Friday, April 20, 2012

All Dressed Up: Let's Go, Ryan!

Wednesday, April 18, 2012

Spring Surprise!

Ok, you guys need a break from my depression, and this morning, so did I. But I especially needed to run outside and cover my electric lawn mower with a tarp, because, hello! It is spring! It rains! And it started to. (Good news- I did manage to cut my grass a few days ago. I just failed to put the lawn mower back into the shed, because a bunch of crap I had shoved in the shed to protect from the snow that never arrived fell over as I pulled the mower out. And you know what a pain that is.)

So I dashed outside to save my mower, since I have already killed one, and being the distractible give-a-mouse-a-cookie type, I noticed the sandbox I bought last year has completely deteriorated (what do you mean, composite is supposed to last forty years? It didn't make it six months!), and the new one (ok, its a wood vegetable bed, sue me) is still in the car. The plot where it belongs is scattered with the remnants of plastic box, plastic sand toys that got left out, sand, and lots of weeds. So I decided those weeds should go before I put efforts into cleaning the plastic shards up and putting up the new box, even though it was raining. Lightly.

So I reach down, grab a good handful of weeds, and pull.

There is this moment in life when your brain registers in your mind that something is amiss, just before you really understand what is amiss, that sets you at the edge of a chasm of fear and oblivion, because you are at the brink of Unknown Terror. It is that moment that can grab your lungs, squeeze, and creates this really amazing sound, for which we have no truly appropriate word.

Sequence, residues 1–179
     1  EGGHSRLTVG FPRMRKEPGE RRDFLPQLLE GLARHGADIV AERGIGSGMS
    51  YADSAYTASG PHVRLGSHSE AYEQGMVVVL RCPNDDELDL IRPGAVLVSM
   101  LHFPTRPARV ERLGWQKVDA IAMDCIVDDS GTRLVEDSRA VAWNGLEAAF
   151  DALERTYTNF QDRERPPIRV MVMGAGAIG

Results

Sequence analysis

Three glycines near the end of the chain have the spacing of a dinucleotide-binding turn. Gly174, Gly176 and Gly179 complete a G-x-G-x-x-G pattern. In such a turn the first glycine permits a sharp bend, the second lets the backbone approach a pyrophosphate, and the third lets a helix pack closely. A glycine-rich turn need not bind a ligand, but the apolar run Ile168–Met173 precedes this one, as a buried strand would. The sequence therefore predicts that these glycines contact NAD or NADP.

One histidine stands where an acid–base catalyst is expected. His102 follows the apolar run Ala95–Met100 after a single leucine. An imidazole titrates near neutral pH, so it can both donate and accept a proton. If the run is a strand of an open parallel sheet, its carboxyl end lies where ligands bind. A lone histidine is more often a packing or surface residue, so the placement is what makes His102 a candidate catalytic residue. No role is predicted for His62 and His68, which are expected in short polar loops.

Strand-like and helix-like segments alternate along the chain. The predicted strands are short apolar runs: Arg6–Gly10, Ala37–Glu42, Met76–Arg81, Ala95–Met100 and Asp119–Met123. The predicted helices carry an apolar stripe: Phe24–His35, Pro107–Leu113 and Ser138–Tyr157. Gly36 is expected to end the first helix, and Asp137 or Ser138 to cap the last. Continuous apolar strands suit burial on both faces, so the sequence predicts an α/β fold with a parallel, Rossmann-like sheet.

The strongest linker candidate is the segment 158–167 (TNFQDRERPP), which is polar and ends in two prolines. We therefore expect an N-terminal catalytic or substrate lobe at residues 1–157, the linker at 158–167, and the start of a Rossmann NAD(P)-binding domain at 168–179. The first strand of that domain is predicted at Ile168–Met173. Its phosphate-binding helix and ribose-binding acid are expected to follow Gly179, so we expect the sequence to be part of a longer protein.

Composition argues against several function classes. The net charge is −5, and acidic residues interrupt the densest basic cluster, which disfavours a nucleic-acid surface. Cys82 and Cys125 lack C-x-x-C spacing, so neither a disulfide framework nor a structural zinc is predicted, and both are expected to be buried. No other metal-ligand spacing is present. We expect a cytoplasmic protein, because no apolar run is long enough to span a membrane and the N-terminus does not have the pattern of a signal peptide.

Something was amiss.

And it was alive. In my hand.

Grass, weeds, and small northern brown snake took to flight from my palm as I screamed like a little girl.*

Now, you can place that next to your picture of me doing battle with turkeys.

*He was not harmed. I am not afraid of snakes, except for copperheads, so once my brain registered is was, in fact, a snake, I was fine. I made sure he slithered away smoothly and happily into the weeds around the base of my lilacs before not pulling any more weeds and heading back into the house to Do Something Else.

Sunday, April 15, 2012

Three Minutes.

We were at the park. We've been spending a lot of time at the park lately, because going farther involves a lot of prep and anxiety, and I just haven't been able to do it alone anymore. The park is familiar, the boundaries well-set, and I can actually do a little writing or grading or whatever. You know, he wanders about doing the Joey thing, and I sit in a set place where he knows I will be, and do the Mom thing. And Andy runs about doing the Andy thing. And I do a regular headcheck. Child one, child two. Child one, child two.

Today, I looked up doing my headcount, and three boys who looked alike (must be brothers or cousins) were headed straight for me. This is never a good sign; and sure enough, they complained that Joey was cussing at them. Joey's explanation was that they were "being mean" and "ignoring me." So we had a little talk about how some people are not interested in being friends, and we should just leave them alone. Then we talked about not using bad words, and that we had been having this discussion all week, so it was time for him to be suspended from the Wii for the evening. Then he bounced off with instructions to tell his brother we were leaving in ten minutes.

And I finished up reading the paper I was grading, about three minutes, and looked up for a head check. Child one....

No child two.

I gathered my things and headed over to Andy, asked him if he could see Joey. After a brief look about, the answer was no. He ran up the hill. No Joey. The park realized I was looking for Joey, and I started getting reports. He had gone up the hill. He had been seen on one road. He had been seen on the other road. He certainly was not here.

Andy ran ahead to check the car, the other adults spread out in a search; and I called JoeyAndyDad to get him on the move. We agreed for me to jump in the van with Andy and start along the familiar path home.

In another minute, I had the call from JoeyAndyDad- Joey was found... he had made it about 4 blocks, 2/3 the way home. He must have run part of the way, and started out as soon as I released him to find his brother.

My world just contracted a little more.